As a child I was diagnosed with Macrodactyly, a deformity of the hand. I began to be bullied and soon started acting out, developing severe anxiety, and fell into depression. As the years went on, I started to feel that suicide was my only way out. I started to blame God and everyone around me for my condition. I was embarrassed by how I felt and became a shell of myself. Luckily, I had an amazing family and a strong support system that worked tirelessly to get me the help I needed. As high school came around, I fell in love with the sport of wrestling and threw my whole being into it. I not only competed but excelled and now I have hopes of becoming a collegiate athlete. I tell you this story so you will understand my fight and the reason behind my drive to live a healthier lifestyle. The sport of wrestling help to change and mold my eating habits. In wrestling weight is one of the important aspects of the sport as you can't compete if you can't maintain your weight. My first year I wrestled at 220lbs and realized that I wanted to become more lean and that dropping weight would increase my speed. I hit the weights and ramped up my cardio only to be disappointed at my weight loss. Muscles and stamina were building, but the body fat percentage was static. This is where I started to study eating habits, good/ bad carbs and protein, and how my body reacted to certain foods. The first thing I did was to cut out sugar and foods with high fructose syrup. Next I started following a diet of lean meats, vegetables, and fruits. Once habits began to form I started learning about macros. Macronutrients or 'Macros' are a group of nutrients found in food that give us energy. The three macronutrients are; Protein, Carbohydrates & Fat. No matter what training plan, lifestyle or diet you have, all three are essential in our diets for a healthy, happy life. I have been on this journey for 4 years now and last year I wrestled as a state qualifier at 175 pounds. I am lean (6.2% body fat), strong, and my body always has the fuel it needs to operate at peak performance. Another amazing result of cutting out unhealthy, processed foods was my mental state improved. I now have a clear mind and a life with very little anxiety. My mental health and my physical health feed each other and my choice to eat healthy and exercise are the building blocks for my success. I have also recently started incorporating yoga and meditation into my routine. This has further calmed my mind and centered my spirit.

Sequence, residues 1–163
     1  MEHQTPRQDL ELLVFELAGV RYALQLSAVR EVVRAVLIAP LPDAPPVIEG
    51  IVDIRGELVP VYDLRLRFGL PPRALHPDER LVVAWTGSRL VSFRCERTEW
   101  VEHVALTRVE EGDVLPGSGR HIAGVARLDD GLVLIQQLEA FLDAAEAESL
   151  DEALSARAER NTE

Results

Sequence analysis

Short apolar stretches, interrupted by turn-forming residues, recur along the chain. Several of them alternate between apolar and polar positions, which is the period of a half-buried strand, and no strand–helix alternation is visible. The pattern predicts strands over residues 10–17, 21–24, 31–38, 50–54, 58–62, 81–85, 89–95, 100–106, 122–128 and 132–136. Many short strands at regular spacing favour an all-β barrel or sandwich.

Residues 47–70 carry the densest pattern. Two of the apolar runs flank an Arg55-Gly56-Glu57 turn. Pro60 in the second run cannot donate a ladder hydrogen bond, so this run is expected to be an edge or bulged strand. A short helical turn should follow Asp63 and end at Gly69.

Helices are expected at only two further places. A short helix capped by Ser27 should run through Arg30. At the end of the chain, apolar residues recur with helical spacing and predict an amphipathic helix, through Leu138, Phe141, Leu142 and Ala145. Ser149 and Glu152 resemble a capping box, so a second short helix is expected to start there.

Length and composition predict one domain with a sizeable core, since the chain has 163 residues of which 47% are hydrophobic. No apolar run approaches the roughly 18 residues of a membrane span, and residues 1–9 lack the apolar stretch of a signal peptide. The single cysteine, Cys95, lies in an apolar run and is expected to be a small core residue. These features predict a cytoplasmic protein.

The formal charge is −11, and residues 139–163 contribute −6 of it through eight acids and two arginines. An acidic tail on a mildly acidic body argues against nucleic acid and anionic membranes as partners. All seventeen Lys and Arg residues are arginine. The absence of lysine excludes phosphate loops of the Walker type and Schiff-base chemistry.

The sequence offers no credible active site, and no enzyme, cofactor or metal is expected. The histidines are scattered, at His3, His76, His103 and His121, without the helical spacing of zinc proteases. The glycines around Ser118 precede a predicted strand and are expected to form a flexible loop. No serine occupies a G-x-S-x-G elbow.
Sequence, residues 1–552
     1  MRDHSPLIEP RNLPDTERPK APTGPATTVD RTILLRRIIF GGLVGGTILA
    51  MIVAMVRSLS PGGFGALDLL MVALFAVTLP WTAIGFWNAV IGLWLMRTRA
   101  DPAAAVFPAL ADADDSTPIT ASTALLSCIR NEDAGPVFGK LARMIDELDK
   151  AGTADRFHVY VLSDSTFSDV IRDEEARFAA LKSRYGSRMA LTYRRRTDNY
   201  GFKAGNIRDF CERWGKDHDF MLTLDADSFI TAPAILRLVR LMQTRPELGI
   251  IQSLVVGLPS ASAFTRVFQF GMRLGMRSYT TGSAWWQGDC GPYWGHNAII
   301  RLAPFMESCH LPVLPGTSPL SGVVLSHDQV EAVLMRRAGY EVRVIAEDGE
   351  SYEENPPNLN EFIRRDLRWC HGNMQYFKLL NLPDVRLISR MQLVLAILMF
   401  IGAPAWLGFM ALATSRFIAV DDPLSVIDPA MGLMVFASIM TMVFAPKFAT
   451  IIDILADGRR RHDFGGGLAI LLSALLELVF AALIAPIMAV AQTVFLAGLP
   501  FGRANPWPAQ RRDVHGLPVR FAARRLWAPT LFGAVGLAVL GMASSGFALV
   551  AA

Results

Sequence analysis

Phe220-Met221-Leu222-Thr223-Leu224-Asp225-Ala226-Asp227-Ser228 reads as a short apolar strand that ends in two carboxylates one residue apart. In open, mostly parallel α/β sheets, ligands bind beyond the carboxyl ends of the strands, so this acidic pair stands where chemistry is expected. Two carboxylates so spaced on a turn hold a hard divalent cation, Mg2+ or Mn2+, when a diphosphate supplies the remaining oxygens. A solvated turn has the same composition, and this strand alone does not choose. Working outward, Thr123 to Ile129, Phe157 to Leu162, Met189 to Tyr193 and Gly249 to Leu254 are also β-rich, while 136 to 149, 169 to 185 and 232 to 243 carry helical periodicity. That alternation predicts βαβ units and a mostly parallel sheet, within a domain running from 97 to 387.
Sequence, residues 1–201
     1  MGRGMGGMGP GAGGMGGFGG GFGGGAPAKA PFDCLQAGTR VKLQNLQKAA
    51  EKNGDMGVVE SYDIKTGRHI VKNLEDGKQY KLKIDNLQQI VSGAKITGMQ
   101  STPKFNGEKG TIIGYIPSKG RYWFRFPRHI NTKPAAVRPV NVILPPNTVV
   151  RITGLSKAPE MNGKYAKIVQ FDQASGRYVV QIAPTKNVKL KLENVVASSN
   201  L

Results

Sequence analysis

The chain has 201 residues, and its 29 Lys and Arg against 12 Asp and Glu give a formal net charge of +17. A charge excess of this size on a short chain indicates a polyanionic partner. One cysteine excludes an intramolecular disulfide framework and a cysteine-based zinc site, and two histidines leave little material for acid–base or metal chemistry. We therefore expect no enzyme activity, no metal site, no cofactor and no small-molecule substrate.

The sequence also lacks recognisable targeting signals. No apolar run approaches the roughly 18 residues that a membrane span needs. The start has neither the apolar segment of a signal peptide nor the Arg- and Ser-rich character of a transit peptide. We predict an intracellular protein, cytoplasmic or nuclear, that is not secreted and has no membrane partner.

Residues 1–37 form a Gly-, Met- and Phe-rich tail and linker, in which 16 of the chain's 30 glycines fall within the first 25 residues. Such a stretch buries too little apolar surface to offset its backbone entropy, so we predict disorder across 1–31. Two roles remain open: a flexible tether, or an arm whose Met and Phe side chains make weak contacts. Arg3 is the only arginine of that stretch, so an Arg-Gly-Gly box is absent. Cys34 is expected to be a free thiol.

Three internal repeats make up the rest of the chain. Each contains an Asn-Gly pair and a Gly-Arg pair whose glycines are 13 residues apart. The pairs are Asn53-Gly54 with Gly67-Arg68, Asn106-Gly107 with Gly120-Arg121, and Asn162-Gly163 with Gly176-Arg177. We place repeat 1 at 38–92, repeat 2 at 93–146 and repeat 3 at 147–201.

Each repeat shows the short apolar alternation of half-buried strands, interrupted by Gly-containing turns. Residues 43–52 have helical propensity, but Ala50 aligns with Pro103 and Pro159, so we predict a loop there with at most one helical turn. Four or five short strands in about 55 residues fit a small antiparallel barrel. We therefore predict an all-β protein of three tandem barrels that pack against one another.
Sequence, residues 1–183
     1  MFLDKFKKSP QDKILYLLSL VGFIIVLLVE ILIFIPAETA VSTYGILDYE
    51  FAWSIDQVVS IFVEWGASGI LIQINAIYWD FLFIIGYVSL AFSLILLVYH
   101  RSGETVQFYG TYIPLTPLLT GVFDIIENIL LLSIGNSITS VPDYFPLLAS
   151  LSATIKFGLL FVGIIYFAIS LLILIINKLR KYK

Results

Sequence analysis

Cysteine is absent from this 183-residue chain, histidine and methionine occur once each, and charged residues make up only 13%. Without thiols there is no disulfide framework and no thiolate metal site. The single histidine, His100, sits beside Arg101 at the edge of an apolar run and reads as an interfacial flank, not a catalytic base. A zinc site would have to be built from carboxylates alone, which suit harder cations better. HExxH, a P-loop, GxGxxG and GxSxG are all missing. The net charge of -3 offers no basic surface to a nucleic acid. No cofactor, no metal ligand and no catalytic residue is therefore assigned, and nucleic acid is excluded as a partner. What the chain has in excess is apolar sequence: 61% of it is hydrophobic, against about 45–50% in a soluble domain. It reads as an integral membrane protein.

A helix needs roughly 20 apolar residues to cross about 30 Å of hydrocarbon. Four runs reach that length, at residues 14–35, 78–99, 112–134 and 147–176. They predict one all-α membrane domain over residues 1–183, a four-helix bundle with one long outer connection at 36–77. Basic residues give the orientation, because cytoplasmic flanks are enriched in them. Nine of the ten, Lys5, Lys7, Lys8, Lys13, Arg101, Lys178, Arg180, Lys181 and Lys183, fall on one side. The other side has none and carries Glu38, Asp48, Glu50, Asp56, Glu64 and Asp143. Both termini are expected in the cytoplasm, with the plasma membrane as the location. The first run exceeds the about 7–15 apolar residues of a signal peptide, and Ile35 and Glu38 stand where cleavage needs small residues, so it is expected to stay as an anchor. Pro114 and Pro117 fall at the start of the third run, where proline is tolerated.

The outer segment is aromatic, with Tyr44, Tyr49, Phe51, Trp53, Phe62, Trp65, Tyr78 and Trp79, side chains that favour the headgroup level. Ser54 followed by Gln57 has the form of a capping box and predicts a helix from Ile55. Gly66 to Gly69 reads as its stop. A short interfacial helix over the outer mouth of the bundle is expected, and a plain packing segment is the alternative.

Living Well Scholarship